We present the ProCS method for the rapid and accurate prediction of protein backbone amide proton chemical shifts - sensitive probes of the geometry of key hydrogen bonds that determine protein structure. ProCS is parameterized against quantum mechanical (QM) calculations and reproduces high level QM results obtained for a small protein with an RMSD of 0.25 ppm (r = 0.94). ProCS is interfaced with the PHAISTOS protein simulation program and is used to infer statistical protein ensembles that reflect experimentally measured amide proton chemical shift values. Such chemical shift-based structural refinements, starting from high-resolution X-ray structures of Protein G, ubiquitin, and SMN Tudor Domain, result in average chemical shifts, hydrogen bond geometries, and trans-hydrogen bond (h3JNC') spin-spin coupling constants that are in excellent agreement with experiment. We show that the structural sensitivity of the QM-based amide proton chemical shift predictions is needed to obtain this agreement. The ProCS method thus offers a powerful new tool for refining the structures of hydrogen bonding networks to high accuracy with many potential applications such as protein flexibility in ligand binding.
Citation: Christensen AS, Linnet TE, Borg M, Boomsma W, Lindorff-Larsen K, Hamelryck T, et al. (2013) Protein Structure Validation and Refinement Using Amide Proton Chemical Shifts Derived from Quantum Mechanics. PLoS ONE 8(12): e84123. https://doi.org/10.1371/journal.pone.0084123
Editor: Freddie Salsbury, Wake Forest University, United States of America
Received: July 24, 2013; Accepted: November 11, 2013; Published: December 31, 2013
Copyright: © 2013 Christensen et al. This is an open-access article distributed under the terms of the Creative Commons Attribution License, which permits unrestricted use, distribution, and reproduction in any medium, provided the original author and source are credited.
Funding: ASC is funded by the Novo Nordisk STAR PhD program. MB is funded by the Danish Council for Independent Research (FTP, 09-066546). WB and KL-L are supported by a Hallas-Møller stipend (to KL-L) from the Novo Nordisk Foundation. The funders had no role in study design, data collection and analysis, decision to publish, or preparation of the manuscript.
Competing interests: The authors have read the journal's policy and have the following conflicts: The authors declare funding from a commercial source, Novo Nordisk. This does not alter the authors' adherence to all the PLOS ONE policies on sharing data and materials.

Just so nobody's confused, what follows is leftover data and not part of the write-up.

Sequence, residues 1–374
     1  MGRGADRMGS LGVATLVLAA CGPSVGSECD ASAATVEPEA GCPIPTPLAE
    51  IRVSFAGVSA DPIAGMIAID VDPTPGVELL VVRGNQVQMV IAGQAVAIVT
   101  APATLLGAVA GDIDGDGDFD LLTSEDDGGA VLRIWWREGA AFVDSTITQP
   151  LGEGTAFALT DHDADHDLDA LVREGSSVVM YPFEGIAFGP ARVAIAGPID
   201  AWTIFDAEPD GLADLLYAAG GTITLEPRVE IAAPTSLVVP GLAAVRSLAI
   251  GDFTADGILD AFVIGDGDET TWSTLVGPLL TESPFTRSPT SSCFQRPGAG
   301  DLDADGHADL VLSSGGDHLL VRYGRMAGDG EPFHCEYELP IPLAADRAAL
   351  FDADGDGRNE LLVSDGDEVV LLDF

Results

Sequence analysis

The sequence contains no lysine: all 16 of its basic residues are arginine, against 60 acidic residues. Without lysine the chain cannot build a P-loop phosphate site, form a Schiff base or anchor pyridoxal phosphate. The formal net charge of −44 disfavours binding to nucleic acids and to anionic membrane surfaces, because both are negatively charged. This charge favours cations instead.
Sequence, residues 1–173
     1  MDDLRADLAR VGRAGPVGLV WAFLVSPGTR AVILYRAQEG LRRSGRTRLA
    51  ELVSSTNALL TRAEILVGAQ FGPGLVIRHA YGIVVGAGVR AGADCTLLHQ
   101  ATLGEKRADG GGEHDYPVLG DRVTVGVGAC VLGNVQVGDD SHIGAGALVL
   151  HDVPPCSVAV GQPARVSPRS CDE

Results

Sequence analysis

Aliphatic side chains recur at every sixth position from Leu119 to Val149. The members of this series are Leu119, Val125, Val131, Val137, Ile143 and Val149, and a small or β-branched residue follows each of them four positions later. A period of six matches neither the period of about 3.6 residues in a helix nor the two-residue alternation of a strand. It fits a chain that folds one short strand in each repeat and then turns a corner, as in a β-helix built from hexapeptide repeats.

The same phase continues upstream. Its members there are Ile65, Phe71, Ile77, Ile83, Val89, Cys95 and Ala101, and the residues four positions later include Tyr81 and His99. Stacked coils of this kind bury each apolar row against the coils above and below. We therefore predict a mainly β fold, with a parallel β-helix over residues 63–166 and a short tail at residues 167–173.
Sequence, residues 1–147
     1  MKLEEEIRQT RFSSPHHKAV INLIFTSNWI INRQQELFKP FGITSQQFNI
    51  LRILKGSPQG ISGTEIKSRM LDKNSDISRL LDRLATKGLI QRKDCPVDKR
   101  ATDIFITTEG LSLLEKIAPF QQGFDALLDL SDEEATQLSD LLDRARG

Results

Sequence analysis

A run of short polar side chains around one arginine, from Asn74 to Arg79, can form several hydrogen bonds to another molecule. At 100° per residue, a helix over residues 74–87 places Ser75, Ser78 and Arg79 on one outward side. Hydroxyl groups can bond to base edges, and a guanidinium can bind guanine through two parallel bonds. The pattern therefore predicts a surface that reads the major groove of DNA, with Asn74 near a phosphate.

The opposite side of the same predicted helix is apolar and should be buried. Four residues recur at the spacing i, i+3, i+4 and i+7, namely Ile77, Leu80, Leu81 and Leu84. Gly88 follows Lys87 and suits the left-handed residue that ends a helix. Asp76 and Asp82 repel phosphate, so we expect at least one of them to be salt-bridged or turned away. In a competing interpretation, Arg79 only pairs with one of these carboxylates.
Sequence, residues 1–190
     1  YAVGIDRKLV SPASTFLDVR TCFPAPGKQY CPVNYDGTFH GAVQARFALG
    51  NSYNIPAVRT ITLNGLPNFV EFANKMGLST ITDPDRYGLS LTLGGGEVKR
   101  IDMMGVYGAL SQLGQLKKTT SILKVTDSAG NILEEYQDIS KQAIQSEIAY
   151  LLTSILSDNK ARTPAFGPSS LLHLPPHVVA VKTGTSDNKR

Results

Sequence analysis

Chemical shifts hold valuable structural information that is being used increasingly in the determination of protein structure and dynamics. This is made possible primarily by empirical chemical shift predictors such as SHIFTS, SPARTA, SHIFTX, PROSHIFT, and CamShift –. While these methods generally offer quite accurate predictions, the predicted chemical shifts of backbone amide protons () tend to be significantly less accurate than, for example, the proton on the -carbon , . This is unfortunate since 15N-HSQC forms a large fraction of all protein NMR studies and holds valuable information about the hydrogen bond geometry of the ubiquitous amide-amide hydrogen bonds that are key to protein secondary structure. Parker, Houk and Jensen  have proposed a -predictor that was shown to offer significantly more accurate predictions, although this was only demonstrated for 13 -values. The method suggests that there is an exponential dependence of in the NHO = C bond length (as suggested by Barfield  and Cornilescu et al. ) as well as a non-negligible contribution from cooperative effects in hydrogen bonding networks. This exponential dependence makes empirical parameterizations of -predictors challenging since even small discrepancies between the structure used in the parameterization (usually an X-ray structure without explicitly represented hydrogens) and the solution-phase structural ensemble that gives rise to the experimentally observed -values can have a significant effect. The method by Parker et al. addresses this problem by parameterization against -values obtained by quantum mechanical (QM) calculations, and is similar in spirit to the QM-based -carbon chemical shift predictor CheShift developed by Vila et al. , . Both studies noted that the QM-based chemical shift predictors tend to be more sensitive to small structural changes compared to popular empirical chemical shift predictors and therefore promises to be valuable tools in protein structure validation and refinement. Here we present several key advances in the use of backbone amide proton chemical shifts to refine and validate the geometry of the amide-amide hydrogen bonding network in proteins. First we present and validate the ProCS method which extends the QM-based backbone amide proton chemical shift predictor proposed by Parker et al. . Second we present a computational methodology for using ProCS and experimental -values to refine the hydrogen bond-geometries of proteins. This is accomplished by implementing ProCS in the Markov chain Monte Carlo (MCMC) protein simulation framework PHAISTOS , and using this in combination with a molecular mechanics (MM) force field. Third, we show for a number of small proteins that structural refinement against experimental values using ProCS leads to hydrogen bond geometries that are in closer agreement with high-resolution X-ray structures and experimental trans-hydrogen bond spin-spin coupling constants () compared to using an energy function based on the empirical chemical shift predictor CamShift  or solely using a force field (OPLS-AA/L  with the GB/SA continuum solvent model ).